Complexity Dynamics

— The Interplay of Incompressible Dynamics and Self-Reinforcing Dynamics —

The Second Law of Thermodynamics (SLOT) tells us that left undisturbed all fluid-like systems ultimately gravitate towards a state of maximum disorder, a state that is referred to as “Thermal Equilibrium”.  In reality however, the achievement of thermal equilibrium relies heavily on the mathematics of the Law of Large Numbers (LLN) — more specifically it relies on the number of independent elements (of the system) being significantly larger than the number of options available to each element.

This means that although fluid-like systems may spontaneously gravitate to thermal equilibrium, they can often be held away from this equilibrium by either, the inability to dampen excessive activity, or by the emergence of  positive feedback – each of which are different forms of the Reverse Law of Large Numbers (RLLN)

Now what is most interesting about this is that while weak negative feedback in isolation can cause incompressible diversity, and strong positive feedback in isolation can cause the emergence of asymmetric uniformity, and the most interesting stuff occurs from the interplay of both.

Positive reinforcement in a system of great diversity, can spontaneously produce surprisingly complex “Integrated Diversity”.  In other words, the secret to the creativity of natural evolution is that:

With the co-emergence of diversity,

Complex Integration come for Free!…

Below is a matrix of System DynamicsMatrix of System Dynamics - Copyright - Kieran D. Kelly

The Interplay of Entropy

Now on a slightly different tact, let’s examine how this emergence of complexity relates to the concept of “entropy”.

The RLLN has the effect of pulling all fluid-like systems away from thermal equilibrium.  In systems of adaptive agents, positive feedback can ultimately reinforce a symmetry break which pulls the system far away from maximum entropy and thermal equilibrium.  However we do not always need to be away from maximum entropy to move/be away from thermal equilibrium.  Chaos theory has shown us that even at maximum entropy we can still move/be away from thermal equilibrium, because systems with incompressible dynamics produce turbulent-like behavior and “information entropy”.

“Information Entropy” is a different type of entropy to “Thermodynamic Entropy”.  Information entropy is a measure of uncertainty or unpredictability; whereas thermodynamic entropy is a measure of disorder.  Complexity is, in fact, a combination of these two types of entropy.  Complex Adaptive Systems” are characterized by the fact that they have “low thermodynamic entropy, but high information entropy”; consequently such systems can be considered to be highly organised but unpredictable nonetheless.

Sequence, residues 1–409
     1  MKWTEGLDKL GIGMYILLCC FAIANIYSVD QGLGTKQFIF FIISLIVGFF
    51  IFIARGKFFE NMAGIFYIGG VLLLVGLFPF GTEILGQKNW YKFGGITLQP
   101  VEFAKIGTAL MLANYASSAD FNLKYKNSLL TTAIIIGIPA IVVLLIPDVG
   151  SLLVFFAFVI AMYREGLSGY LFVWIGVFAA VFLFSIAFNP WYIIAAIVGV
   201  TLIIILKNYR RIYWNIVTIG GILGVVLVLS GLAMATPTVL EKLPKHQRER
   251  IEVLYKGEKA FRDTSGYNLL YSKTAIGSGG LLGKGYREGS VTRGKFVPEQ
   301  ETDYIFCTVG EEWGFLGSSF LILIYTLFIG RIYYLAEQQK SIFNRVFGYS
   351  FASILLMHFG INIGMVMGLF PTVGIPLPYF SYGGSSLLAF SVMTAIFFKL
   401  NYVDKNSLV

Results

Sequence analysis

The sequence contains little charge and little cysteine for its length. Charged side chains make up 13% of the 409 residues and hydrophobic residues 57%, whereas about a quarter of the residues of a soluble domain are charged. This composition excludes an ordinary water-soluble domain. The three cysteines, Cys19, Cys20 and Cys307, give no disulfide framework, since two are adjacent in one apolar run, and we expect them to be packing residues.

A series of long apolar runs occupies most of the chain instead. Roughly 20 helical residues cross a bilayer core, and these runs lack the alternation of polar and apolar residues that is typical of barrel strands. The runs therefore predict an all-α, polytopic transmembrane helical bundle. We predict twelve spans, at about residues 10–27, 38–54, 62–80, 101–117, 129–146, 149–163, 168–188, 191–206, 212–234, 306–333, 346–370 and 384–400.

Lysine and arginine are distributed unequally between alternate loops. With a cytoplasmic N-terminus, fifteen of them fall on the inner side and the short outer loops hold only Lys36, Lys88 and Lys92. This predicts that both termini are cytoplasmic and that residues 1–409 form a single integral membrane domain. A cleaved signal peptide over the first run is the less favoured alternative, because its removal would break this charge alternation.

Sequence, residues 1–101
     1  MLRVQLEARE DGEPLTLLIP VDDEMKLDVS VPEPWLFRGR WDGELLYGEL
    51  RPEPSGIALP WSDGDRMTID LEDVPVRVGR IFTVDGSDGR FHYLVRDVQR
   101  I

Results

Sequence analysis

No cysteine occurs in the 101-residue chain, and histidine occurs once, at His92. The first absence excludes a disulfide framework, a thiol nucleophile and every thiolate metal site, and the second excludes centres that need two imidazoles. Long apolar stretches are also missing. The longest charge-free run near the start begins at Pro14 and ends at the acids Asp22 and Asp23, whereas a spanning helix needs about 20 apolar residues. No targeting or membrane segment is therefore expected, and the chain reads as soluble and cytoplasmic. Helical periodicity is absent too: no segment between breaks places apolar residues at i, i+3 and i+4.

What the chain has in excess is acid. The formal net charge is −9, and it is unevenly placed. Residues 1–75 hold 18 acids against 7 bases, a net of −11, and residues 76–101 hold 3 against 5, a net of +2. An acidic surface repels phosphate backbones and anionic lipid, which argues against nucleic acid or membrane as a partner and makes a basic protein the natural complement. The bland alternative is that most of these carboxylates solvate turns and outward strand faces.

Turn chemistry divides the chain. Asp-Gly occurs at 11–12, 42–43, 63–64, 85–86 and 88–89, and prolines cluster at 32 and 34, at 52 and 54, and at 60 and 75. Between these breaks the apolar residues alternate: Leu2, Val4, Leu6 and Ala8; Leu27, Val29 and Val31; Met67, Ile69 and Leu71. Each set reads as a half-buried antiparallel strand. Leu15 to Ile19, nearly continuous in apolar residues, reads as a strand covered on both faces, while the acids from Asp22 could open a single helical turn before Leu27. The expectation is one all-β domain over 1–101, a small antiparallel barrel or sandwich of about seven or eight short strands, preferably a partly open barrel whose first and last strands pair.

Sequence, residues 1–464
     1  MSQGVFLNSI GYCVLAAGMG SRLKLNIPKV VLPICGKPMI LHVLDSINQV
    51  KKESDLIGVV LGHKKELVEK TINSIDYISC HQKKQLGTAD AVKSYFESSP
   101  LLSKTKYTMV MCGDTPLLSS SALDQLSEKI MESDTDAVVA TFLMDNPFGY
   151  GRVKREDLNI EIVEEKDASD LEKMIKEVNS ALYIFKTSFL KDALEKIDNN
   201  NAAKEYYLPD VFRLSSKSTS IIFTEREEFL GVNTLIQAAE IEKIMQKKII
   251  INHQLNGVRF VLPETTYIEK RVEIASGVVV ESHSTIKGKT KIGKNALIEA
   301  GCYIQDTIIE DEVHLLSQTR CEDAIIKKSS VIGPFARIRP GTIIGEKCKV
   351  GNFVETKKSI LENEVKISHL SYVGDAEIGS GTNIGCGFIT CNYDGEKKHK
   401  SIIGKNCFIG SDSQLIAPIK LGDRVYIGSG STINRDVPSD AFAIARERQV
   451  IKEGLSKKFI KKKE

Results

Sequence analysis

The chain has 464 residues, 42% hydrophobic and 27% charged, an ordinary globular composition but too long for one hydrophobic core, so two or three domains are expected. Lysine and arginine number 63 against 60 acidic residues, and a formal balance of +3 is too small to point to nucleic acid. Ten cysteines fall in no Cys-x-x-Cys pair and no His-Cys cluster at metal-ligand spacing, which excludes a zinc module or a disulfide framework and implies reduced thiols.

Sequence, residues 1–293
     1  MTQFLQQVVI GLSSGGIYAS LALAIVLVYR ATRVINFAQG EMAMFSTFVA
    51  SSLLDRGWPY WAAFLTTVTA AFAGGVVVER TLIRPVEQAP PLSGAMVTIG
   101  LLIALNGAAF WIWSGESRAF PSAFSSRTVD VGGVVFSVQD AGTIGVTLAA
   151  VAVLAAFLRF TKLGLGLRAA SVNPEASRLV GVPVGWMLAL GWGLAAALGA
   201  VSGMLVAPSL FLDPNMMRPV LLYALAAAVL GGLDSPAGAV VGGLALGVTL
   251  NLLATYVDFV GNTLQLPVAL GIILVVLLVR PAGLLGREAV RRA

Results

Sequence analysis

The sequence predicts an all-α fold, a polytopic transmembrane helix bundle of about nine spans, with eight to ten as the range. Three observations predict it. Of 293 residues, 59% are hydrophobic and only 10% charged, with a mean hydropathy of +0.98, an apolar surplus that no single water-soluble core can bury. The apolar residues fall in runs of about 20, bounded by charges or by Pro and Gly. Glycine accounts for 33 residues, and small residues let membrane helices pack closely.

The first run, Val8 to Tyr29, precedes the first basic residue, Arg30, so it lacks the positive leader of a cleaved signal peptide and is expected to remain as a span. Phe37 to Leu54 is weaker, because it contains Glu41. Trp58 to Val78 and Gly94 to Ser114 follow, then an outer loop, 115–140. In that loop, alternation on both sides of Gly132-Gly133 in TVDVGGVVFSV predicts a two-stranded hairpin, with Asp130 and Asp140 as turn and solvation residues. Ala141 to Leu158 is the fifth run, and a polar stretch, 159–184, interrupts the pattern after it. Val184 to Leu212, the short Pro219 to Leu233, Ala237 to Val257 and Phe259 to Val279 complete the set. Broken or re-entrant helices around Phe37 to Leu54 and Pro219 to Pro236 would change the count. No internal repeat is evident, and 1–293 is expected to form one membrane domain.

Below is the system matrix reconstituted in Entropic termsMatrix of Entropy Dynamics - Copyright - Kieran D. Kelly

Modelling Complexity

Those of you who know anything about statistics and probability distributions might have recognised that thermal equilibrium represents the first moment of a probability distribution.  Furthermore you might have also noticed that incompressible diversity represents the second moment (i.e. deviations from equilibrium); and positive reinforcement the third moment (i.e. asymmetric skew).

Thus ever-increasing complexity is ultimately heading  towards causing the emergence  of an infinite number of moments for the probability distribution,  which effectively means that “any form of mathematical or even statistical representation of complexity is virtually meaningless”…

The inability to mathematically summarize complexity, makes complexity different from every other form of physics.  There are no equations for complexity.  Complexity is basically bottom-up mutually-reinforced diversity which cannot be summarized by any form of mathematics.  Complex incompressible dynamics is the universe’s creativity in action, and creativity cannot be modeled for predictions, but it can be simulated for inspiration.

After studying chaos and complexity for so many years, it strikes me that the universe is not (as it so often suggested) purely mathematical, but is more generally algorithmic; and this 21st century will likely be the century that we finally begin to truly reap the benefits of understanding complexity, by exploring and exploiting this Computational Universe of Algorithmic Creativity…